Friday, March 13, 2020

This Week in Pics

Mesa County Public Health (MCPH) COVID-19 Response Team is working hard to distribute accurate and timely information to our community. For up-to-date information, visit health.mesacounty.us/covid19/.

Mesa County Public Health's website is our community's official location for accurate information regarding COVID-19. For current, reliable information, visit http://health.mesacounty.us/covid19/.


MCPH and agency leaders, including the Department of Human Services (DHS) Director Tracey Garchar (center left) and Undersheriff Todd Rowell (center), hosted Lieutenant Governor Dianne Primavera (center) to talk about community projects that are leading to healthier outcomes in Mesa County. 
Sarah Johnson, MCPH Community Network Coordinator, leads a discussion with Lt. Governor Primavera about community initiatives that are working to improve access to services for residents.
Mesa County Commissioners Scott McInnis, Rose Pugliese and John Justman, join Pete Baier, County Administrator, in taking an inaugural ride in the new elevator at the old Mesa County Courthouse, 544 Rood Ave. 

The Commissioners and County Administrator Pete Baier give the all-clear after the inaugural ride in the new elevator at the old Mesa County Courthouse. The elevator was out of service for about 8 weeks but is back in operation now.
The Board of Mesa County Commissioners proclaimed March as National Social Work Month and Director of Child Welfare Joe Kellerby (right) along with Mesa County social work professionals accepted the recognition in public hearing Monday morning.
DHS Director of Child Welfare and adult protection Joe Kellerby, and many social work professionals, accept the National Social Work Month Proclamation from the Board of Commissioners on March 9, the proclamation honors social work professionals for their hard work and dedication.

President and CEO of Strive, Grant Jackson, alongside a Strive client and Doug Sorter, Senior Vice President of Strive, join the Commissioners in proclaiming March 2020 as Developmental Disabilities Month.
During Monday's public hearing, the Commissioners received an update on the Palisade Plunge Project by Construction Group Manager Laura Page.
On Friday, March 6, Regional Transportation Planning Office (RTPO) staff took a tour of the Persigo Wastewater Treatment Plant, to learn more about how the compressed natural gas (CNG) for the buses is made. Pictured from left to right: Andrew Gingerich, Sarah Brooks and Dana Brosig.

At the Persigo Wastewater Treatment Plant, Mesa County RTPO staff learned about the water treatment process and how solids are broken down and turned into fuel for Grand Valley Transit (GVT) buses in the form of CNG.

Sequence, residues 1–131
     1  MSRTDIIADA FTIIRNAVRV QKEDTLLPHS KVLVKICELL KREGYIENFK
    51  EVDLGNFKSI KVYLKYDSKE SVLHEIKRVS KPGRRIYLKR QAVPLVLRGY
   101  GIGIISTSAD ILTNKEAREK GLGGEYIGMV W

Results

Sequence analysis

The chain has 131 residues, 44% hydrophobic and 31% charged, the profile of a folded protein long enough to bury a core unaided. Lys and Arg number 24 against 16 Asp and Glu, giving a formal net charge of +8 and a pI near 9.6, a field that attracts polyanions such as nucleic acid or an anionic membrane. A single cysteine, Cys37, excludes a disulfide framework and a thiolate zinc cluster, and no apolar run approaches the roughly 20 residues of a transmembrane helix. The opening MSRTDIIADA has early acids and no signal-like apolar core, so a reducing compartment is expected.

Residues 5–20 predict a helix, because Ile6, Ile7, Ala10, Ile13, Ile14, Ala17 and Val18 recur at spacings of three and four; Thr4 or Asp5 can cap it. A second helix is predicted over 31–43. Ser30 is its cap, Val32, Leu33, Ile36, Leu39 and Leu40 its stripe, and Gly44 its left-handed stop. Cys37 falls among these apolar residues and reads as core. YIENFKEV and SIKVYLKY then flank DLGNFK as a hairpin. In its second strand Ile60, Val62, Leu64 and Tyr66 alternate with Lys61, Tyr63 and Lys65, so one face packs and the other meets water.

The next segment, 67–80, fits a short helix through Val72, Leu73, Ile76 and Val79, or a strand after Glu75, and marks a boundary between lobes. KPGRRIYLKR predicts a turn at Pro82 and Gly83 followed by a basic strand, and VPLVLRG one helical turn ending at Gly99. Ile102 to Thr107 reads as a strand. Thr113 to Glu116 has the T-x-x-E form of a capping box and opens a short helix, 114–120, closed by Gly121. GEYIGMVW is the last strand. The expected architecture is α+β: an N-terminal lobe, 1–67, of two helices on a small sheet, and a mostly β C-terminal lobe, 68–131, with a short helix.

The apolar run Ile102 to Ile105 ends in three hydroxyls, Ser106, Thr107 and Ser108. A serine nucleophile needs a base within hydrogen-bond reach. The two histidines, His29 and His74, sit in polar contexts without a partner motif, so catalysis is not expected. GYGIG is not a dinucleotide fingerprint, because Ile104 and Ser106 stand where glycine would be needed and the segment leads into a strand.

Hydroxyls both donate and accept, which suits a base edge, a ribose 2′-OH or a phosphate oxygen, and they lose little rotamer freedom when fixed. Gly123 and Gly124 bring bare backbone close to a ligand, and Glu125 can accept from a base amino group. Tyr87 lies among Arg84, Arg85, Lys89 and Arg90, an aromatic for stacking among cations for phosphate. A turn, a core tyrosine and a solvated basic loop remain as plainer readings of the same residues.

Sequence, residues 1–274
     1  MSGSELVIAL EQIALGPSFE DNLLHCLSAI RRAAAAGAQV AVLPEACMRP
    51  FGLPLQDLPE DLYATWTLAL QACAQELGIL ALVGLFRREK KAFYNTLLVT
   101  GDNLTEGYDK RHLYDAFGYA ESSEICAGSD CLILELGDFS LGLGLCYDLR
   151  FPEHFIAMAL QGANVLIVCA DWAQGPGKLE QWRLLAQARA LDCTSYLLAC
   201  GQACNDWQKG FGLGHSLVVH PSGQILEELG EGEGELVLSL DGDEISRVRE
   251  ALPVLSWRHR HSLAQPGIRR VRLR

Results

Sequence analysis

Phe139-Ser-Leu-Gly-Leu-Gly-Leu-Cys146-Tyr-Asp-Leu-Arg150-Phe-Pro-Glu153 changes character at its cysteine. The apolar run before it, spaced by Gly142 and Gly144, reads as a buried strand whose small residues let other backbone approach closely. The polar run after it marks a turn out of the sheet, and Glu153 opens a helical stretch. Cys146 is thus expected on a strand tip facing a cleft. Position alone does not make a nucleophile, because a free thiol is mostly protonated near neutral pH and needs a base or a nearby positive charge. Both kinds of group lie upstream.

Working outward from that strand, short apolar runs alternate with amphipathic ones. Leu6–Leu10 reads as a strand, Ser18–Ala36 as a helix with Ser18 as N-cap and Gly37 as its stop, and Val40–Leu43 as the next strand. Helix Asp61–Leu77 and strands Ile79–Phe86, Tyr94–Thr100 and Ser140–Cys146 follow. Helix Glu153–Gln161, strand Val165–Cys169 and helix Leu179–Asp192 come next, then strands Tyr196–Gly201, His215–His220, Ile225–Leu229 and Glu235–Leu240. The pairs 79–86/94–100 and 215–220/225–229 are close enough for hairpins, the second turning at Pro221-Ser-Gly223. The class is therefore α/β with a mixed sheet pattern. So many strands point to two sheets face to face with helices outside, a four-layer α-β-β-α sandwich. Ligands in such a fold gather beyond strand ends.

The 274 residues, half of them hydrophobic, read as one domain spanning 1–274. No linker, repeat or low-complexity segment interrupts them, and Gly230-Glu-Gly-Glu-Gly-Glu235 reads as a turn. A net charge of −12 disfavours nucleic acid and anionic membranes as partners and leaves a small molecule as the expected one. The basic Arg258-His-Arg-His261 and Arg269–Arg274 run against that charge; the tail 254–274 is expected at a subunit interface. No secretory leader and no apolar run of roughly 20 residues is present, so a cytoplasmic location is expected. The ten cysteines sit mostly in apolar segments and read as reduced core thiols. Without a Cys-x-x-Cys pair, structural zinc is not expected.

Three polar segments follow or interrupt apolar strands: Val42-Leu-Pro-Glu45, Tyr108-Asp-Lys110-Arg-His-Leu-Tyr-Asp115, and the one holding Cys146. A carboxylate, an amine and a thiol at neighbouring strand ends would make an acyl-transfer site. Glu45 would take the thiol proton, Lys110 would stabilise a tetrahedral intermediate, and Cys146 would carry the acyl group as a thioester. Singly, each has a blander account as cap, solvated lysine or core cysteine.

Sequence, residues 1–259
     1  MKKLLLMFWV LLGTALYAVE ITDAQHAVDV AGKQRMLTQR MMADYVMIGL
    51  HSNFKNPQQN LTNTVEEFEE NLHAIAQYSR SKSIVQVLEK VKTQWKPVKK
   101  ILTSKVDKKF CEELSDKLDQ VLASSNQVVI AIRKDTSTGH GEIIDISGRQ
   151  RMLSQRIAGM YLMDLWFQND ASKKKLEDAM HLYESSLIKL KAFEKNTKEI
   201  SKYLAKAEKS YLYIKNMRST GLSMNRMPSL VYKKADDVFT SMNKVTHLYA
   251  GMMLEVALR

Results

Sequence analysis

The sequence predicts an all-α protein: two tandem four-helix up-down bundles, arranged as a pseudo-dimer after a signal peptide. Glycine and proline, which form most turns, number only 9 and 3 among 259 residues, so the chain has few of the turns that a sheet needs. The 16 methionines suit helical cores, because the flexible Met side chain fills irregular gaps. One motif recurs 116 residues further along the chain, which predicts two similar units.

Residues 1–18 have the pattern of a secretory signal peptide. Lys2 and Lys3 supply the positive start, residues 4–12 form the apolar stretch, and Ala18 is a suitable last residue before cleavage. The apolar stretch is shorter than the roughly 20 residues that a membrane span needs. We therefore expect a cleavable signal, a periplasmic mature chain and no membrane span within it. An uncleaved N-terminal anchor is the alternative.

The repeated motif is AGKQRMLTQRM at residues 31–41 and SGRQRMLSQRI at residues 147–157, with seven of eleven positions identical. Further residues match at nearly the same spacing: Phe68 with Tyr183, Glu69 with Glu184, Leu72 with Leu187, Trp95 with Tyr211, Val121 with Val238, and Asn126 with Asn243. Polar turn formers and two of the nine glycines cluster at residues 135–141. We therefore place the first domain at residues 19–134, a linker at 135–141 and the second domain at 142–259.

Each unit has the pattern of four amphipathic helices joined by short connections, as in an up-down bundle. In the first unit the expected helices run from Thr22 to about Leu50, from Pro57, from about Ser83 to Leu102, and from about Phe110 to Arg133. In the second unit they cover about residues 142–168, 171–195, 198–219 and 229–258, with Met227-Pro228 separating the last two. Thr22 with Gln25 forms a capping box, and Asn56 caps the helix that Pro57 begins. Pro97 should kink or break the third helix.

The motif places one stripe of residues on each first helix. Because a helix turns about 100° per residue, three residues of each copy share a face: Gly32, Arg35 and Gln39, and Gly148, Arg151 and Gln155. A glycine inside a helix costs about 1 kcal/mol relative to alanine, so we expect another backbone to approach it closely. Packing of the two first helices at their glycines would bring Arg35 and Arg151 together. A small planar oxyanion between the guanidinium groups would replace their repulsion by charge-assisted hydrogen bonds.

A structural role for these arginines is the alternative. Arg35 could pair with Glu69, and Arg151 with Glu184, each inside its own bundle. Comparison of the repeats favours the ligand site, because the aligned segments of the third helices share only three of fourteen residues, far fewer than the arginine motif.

A DASH GVT bus gets fueled by CNG at the bus yard. Don't forget, March 18 is National Biofuel Day!
This week, a new cement walkway was poured at the Mesa County Fairgrounds, 2785 US-50. Upgrades to the facility continue as we get ready for Mesa County Fair 2020.

The gorgeous sunset highlights the newly poured sidewalk at the Mesa County Fairgrounds.

Crews continue to cut paths on the Palisade Plunge Trail. Much of the trail is through very remote back-country areas.

With more sun comes better weather, and the snow is starting to melt on many portions of Palisade Plunge.

Palisade Plunge Trail is definitely rugged, the trail goes around the rocks, or the rocks have to be moved. Either way, the rocks are integral in mitigating erosion and maintaining all the work being put into carving out this trail.

Mesa County, partner agencies and Mesa County Search and Rescue are working together to plan how to handle (future) emergency situations that may happen along the Palisade Plunge Trail. This group will be identifying helicopter landing zones and roadway access points. It's all a challenge because of the remoteness of most of the trail.

This view of the valley looking west includes the Colorado River, Mt. Garfield and Interstate 70.

Friendly reminder: even though everyone is excited to start using the Palisade Plunge, the trail isn't open to the public.
County leadership gathered to kick off the first meeting of the Mesa County Resource Management Plan (RMP) with the newly appointed Steering Committee members.

Commissioner Rose Pugliese discusses how and why the RMP Steering Committee was put together. Committee members were appointed to a term beginning Monday, March 9, 2020, and concluding December 31, 2020, or until the Mesa County Resource Management Plan has been formally adopted by the Board of County Commissioners.
Commissioner John Justman thanks staff and the RMP Steering Committee for their commitment and dedication.